Table 1 often provides you will all of the information needed to make an initial assessment of the reasonableness of your hypotheses. In intervention studies, they can save you from getting everything backwards or from mistaking a trivial effect for an important one because it is “significant.” In moderation and mediation studies, knowing ahead of time that your data make it very unlikely that a moderation or mediation hypothesis can possibly be right would save us all from a lot of embarrassment. For example, if you know based on Table 1 that a proposed mediator is not related to the dependent variable in any meaningful way, it is unwise to pursue mediation hypotheses by using complex analytic tools whose end results may be hard to concretely interpret. On the other hand, a paper that starts with a simple demonstration that the proposed effects are large enough to care about or that the proposed process seems to make sense when you look at simple and easily understood statistics will make the results of subsequent analyses both more credible and more understandable. There are many tables in an article that might include important and useful information; Table 1 is almost always one of these.

Organizational research is moving in the direction of an increasing reliance on complex analyses that are frequently performed or interpreted incorrectly. Even when the analysis is done right and interpreted correctly, the likelihood that main results will depend entirely on the outcomes of a significance test is increasing. In almost all of the contexts in which organizational researchers use these tests as a primary criterion for evaluating study results, all that they are really learning is whether their sample was large enough to allow them to reject the null hypothesis. That is, these tests tell you more about the methods and the sample than they do about the substantive phenomenon being investigated.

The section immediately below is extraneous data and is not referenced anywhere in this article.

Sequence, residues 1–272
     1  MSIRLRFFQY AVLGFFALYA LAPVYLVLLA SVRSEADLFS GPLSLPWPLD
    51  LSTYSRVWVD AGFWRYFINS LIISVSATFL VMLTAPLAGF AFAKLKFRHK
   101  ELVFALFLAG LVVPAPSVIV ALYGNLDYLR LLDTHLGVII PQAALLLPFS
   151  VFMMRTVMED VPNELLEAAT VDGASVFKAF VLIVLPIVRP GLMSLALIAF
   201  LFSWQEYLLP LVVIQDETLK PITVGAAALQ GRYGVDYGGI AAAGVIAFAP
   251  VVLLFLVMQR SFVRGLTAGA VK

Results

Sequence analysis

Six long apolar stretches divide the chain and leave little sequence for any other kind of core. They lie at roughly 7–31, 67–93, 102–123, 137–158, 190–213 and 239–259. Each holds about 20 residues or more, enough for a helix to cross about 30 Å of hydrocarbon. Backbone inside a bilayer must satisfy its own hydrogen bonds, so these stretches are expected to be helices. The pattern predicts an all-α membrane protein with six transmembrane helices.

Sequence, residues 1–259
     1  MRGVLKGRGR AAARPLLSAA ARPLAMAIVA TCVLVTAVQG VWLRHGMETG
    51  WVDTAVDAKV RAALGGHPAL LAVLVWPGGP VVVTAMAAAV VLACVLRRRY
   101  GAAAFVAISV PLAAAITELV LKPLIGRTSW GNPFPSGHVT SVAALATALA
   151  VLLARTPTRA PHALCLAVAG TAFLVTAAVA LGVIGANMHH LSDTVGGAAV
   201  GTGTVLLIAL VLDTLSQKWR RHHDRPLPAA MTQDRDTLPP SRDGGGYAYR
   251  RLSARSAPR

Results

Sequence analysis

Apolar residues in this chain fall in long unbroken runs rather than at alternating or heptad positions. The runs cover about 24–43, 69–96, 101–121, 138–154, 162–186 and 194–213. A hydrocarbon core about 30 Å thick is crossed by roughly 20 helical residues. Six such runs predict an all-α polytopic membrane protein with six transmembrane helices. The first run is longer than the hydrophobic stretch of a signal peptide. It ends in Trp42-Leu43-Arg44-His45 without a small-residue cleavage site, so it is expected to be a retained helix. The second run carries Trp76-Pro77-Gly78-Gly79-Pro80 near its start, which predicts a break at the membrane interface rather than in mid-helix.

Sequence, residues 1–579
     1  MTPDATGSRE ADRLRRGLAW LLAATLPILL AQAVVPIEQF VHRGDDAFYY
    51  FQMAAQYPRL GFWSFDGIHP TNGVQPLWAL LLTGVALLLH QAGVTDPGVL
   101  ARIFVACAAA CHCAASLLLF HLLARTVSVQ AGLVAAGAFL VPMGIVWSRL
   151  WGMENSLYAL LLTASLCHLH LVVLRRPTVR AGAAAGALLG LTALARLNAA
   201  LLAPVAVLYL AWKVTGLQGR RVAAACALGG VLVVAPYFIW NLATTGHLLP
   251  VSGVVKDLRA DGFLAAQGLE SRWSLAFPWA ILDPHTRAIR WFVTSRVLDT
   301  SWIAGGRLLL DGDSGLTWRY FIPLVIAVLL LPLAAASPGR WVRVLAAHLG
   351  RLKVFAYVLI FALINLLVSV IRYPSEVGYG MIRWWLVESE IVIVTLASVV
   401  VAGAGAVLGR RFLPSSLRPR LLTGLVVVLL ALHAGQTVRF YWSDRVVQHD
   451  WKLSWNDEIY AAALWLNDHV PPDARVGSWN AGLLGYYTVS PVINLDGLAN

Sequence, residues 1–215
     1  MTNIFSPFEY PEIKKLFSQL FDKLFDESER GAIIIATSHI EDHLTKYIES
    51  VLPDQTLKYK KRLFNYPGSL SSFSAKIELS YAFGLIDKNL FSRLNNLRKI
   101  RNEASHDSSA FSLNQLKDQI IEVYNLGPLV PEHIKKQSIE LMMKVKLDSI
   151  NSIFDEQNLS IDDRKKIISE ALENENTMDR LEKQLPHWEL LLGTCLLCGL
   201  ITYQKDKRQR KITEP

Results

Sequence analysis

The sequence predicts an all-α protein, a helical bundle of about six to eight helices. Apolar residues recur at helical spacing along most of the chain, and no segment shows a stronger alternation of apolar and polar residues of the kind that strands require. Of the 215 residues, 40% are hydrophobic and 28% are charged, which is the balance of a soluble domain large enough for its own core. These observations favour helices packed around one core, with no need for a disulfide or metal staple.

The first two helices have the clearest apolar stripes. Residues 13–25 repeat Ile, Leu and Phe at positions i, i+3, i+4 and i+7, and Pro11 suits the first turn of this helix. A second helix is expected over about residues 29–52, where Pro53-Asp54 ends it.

Complex statistical methods not only open more possibilities for errors and misinterpretation but also make our research increasingly difficult for nonspecialists to understand. Explaining hypothesis tests and demonstrating their reasonableness in terms of the simplest possible statistics is likely to increase the understanding and applicability of our research in organizations and in the broader scientific community. The aircraft design team that created the legendary F-5 fighter jet had a motto that might be profitably applied to the results section of virtually every academic article in the organizational sciences—that is, “add simplicity and lightness.” We don’t even need the lightness; organizational scientists who can successfully add simplicity to their work are much more likely to have a meaningful influence than are their colleagues who write for a narrow audience of similarly trained specialists. Table 1 is a great place to find simplicity.

Over the last 35 years, I have reviewed or served as action editor for several thousand research articles, and my experience (which may not be a reliable indicator and might not be replicated by others) has led me to several conclusions about the state of science in organizational research. I firmly believe that when the primary findings of a study cannot be explained, or at least hinted at, based on the sort of simple statistics that are typically shown in Table 1, the likelihood that the work has been done and interpreted correctly *and* that it is sufficiently important to matter to a nonspecialist is very low. We should and can make much better use of simple statistics in arguing for our hypotheses, and a great place to start is Table 1. The current practice is to provide and then largely ignore Table 1. I suggest that we reverse our thinking. Table 1 is usually the most important table and often the *only* important table in manuscripts. If *N* is either very large or very small, the outcomes of significance tests are a foregone conclusion and the only useful tool for making sense of results will be the descriptive statistics presented in Table 1. Let’s give this table the attention it deserves!